Melodyne plugin and n-Track

do they work together?

A couple of months ago, I asked the forum what everone recommended for an autotune plugin. The consensus was AutoTune, Melodyne and the freeware GSnap. Well I downloaded both demos of AutoTune and Melodyne and the Gsnap. But didn’t have anytime to try them out until this week.

Tonight we tried the AutoTune and GSnap and found that the high priced AutoTune wasn’t significantly better than the GSnap, which was remarkably very good at fixing some problems.

But the Melodyne demo plugin, which looks awesome in their video demo, crashes n-Track when you load it into either a track or an Aux. I also tried it in Reaper with the same results.

So has anyone had any success using the Melodyne plugin in n-Track? I’m using version 4.21 (build 2099) of n-Track.


I tried Melodyne as a plug-in with the same results you had in nTrack - crash… I then tried the stand-alone version and it ran just fine. Pretty cool stuff.

I found those three from the thread you started - thanks. I am able to run GSnap in nTrack just fine.


Thanks for replying Shayne. I installed the standalone Melodyne Uno as well after I posted here and it does look like it may do the trick. Did you go ahead and purchase the full version yet? If so, where is the best place to get it?

We did use GSnap last night and it fixed some vocal problems but not all and the group I’m working with really likes what they see with the Melodyne and are willing to pitch in with the purchase of it.


notes on Autotune etc -

in REAL studios where PCs/MACs are still banned - Autotune rules the roost but it is the hardware version (this is he one i have, although i do use a PC) follow link below - when you considder what is in the tin its absolute value when compared to the VST -

the basic Auitotune is OK - but Antares seem to be unwiling to improve it, they would rather add features to it - the only good feature in the nes version is that you can use a graphics tablet to draw in envelopes - thats if you have a graphics pad -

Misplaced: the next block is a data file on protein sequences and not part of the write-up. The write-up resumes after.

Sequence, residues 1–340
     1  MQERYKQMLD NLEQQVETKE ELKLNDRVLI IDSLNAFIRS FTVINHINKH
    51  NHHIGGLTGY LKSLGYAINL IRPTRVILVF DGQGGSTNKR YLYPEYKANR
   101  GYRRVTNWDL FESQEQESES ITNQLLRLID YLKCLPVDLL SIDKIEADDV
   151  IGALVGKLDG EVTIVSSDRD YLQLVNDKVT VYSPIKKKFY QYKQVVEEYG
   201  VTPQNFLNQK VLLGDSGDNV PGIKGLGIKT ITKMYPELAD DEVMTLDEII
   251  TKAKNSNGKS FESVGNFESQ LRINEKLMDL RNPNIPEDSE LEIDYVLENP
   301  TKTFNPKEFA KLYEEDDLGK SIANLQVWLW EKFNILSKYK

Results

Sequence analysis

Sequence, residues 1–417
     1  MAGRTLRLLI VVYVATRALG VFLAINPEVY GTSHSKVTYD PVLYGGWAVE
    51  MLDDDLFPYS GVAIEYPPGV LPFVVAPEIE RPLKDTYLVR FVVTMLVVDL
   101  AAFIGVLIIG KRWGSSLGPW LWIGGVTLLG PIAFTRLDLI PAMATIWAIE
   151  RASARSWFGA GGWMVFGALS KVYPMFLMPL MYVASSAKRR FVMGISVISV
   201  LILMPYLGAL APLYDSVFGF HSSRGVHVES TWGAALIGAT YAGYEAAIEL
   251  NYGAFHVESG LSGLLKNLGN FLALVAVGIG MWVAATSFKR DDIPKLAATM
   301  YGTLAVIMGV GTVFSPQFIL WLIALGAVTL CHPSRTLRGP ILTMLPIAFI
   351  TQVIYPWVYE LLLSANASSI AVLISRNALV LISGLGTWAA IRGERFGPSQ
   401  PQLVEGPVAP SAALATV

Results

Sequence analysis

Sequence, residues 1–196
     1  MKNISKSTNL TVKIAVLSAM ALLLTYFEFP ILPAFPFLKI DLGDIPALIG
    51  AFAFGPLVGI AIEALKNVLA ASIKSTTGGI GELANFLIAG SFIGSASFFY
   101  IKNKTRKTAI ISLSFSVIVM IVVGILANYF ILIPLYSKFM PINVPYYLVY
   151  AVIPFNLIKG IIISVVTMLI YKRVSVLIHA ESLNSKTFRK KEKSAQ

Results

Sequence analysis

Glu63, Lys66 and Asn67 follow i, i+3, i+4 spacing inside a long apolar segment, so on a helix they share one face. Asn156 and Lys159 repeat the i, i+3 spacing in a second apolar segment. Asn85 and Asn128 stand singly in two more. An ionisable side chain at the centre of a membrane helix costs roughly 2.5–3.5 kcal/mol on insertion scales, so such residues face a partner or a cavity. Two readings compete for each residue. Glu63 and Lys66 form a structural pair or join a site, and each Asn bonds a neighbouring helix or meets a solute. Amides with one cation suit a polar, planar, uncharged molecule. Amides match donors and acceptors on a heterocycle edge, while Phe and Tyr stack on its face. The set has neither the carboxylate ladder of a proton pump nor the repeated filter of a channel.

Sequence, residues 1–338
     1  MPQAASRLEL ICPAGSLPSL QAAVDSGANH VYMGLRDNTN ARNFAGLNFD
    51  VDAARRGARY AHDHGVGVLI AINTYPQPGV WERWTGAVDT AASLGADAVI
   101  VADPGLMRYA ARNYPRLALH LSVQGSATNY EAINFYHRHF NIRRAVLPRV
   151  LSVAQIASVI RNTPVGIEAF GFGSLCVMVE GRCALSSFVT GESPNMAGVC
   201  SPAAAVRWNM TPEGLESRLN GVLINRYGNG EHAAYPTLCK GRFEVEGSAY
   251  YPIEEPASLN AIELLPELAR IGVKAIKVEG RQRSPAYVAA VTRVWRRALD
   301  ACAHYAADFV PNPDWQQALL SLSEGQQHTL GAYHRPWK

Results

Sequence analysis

the VST version of Autotune i think is well overpriced, but it does what it says, it is AUTOMATIC - if you want, and know where most vocalists go wrong, you can set it and forget it -

Melodyne on the other hand has greater capability but not being automatic you have to spend a lot more time using it - it is OK for vocal tricks and the like - tried demo but dumped it almost immediately - to my way of thinking it is a trick box and nothing else, and like DISCO DRUMS it will fade from view as poeple overdo it - practically every Hip Hop track now contains Melodyne trickery -

Gsnap - looked at it but decided against it -

being a ‘Hardware Head’ i am looking at the new Roland MC 808 which gives pitch shift at the press of a key -

Dr J

Thanks for the review Dr J. I had a look at that AVP-1 hardware unit. That’s hard to believe that Musician’s Friend is selling this unit for the same price ($399US) Antares is selling the plugin (which I agree was not impressive for that price). The downside of the hardware route is if you want to correct something already recorded, you have to go through the A/D chip twice, right? - or does it have a digital interface?

Fortunately, the current group I am working with, are usually very close to being on pitch. Just once in awhile the voices need some tweaking. So the Gsnap did correct a few problems last night. But we ended up cloning the vocal track and putting the Gsnap on sections of the vocal, because Gsnap got it wrong on other sections and we couldn’t get it to behave there.

The advantage of the Melodyne is that it will do more than pitch correction. One of the songs this group recorded was done in a “snappy” fashion. But in a couple of spots, they were a little too snappy. Melodyne will allow us to extend these nodes to what the group wants. Whether it’s worth the $200 for the standalone version is the question we have to decide.

If you are a hardware type, do you prefer the hardware compressors, gates, reverbs as well - or do you consider some of the software plugins acceptable? Just wondering.


I just reviewed the Antares AVP-1 manual and answered my question. This unit is build to correct vocals as an insert to the mixing console. Therefore if the sound engineer doesn’t get the parameters right for the vocal take, the vocalist will have to do it again. And it definitely doesn’t have digital interface.